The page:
As mentioned by curious, the induced sequence is in general not exact on the left, though it is exact at the other two places. But as both curious and Soarer point out, the image of the map on the left is $aM$ under the isomorphism $A\otimes_A M \cong M$, and then exactness at the other two places gives you the isomorphism that you want.

is there any other way to think about the tensor product besides been the quotient of a free module by a set of generators?

Yes! In fact, there is a much more useful, if more abstract, way to think of tensor products. Let $A$ be a commutative ring, and let $M,N,Z$ be $A$-modules. (Analogous statements hold over noncommutative rings, but the formulation is not quite as clean.) An $A$-bilinear map $b:M\times N\to Z$ is a map of sets such that for each $m\in M$ and each $n\in N$, the maps $b(m,-):N\to Z$ and $b(-,n):M\to Z$ are $A$-linear.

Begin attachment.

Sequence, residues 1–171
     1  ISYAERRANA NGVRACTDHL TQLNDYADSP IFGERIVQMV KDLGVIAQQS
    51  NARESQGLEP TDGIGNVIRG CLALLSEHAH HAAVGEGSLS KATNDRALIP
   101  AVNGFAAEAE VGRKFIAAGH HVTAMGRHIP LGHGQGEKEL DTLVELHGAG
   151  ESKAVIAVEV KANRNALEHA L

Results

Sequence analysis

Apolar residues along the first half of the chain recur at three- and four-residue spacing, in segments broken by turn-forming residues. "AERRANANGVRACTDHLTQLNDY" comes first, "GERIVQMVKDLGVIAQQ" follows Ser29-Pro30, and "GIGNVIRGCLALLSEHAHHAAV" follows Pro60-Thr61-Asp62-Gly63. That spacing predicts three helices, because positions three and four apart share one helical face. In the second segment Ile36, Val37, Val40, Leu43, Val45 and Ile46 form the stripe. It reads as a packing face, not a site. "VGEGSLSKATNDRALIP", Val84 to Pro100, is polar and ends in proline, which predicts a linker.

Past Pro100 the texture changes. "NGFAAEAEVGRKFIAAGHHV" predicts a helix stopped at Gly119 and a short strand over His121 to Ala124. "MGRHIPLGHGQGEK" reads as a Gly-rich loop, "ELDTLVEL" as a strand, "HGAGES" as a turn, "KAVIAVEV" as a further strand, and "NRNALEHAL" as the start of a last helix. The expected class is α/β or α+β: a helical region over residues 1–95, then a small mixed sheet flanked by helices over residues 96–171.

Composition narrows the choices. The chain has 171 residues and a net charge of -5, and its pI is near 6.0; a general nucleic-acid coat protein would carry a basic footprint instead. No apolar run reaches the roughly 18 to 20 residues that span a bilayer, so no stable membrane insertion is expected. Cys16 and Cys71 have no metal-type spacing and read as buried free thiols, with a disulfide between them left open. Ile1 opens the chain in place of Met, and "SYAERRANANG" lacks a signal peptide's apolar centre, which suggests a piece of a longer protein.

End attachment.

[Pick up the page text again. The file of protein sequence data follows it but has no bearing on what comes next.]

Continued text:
Bilinear maps appear all over the place; you can think of them as "generalized multiplications" -- for any $A$-algebra $R$, its multiplication $R\times R\to R$ is $A$-bilinear. Note that a bilinear map $M\times N\to Z$ is not $A$-linear with respect to the usual $A$-module structure on $M\times N$. That's too bad, because it's always nice to have things be linear. To "correct" this, the tensor product $M\otimes_A N$ is exactly the $A$-module such that bilinear maps $M\times N\to Z$ are the same thing as linear maps $M\otimes_A N\to Z$.

More precisely, $M\otimes_A N$ is characterized by the following universal property: if $Q$ is an $A$-module and $b:M\times N\to Q$ is an $A$-bilinear map, then there is a unique $A$-linear map $\tilde b:M\otimes_A N\to Q$ such that $\tilde b(m\otimes n) = b(m,n)$ for all $(m,n)\in M\times N$.

So, for example, if $R$ is an $A$-algebra, then the multiplication of $R$ is an $A$-linear map $R\otimes_A R\to R$. Indeed, this lets you phrase the axioms of an associative algebra completely in terms of linear maps, which is a useful thing to do if, for example, you want to talk about "algebra objects" in categories other than the category of $A$-modules.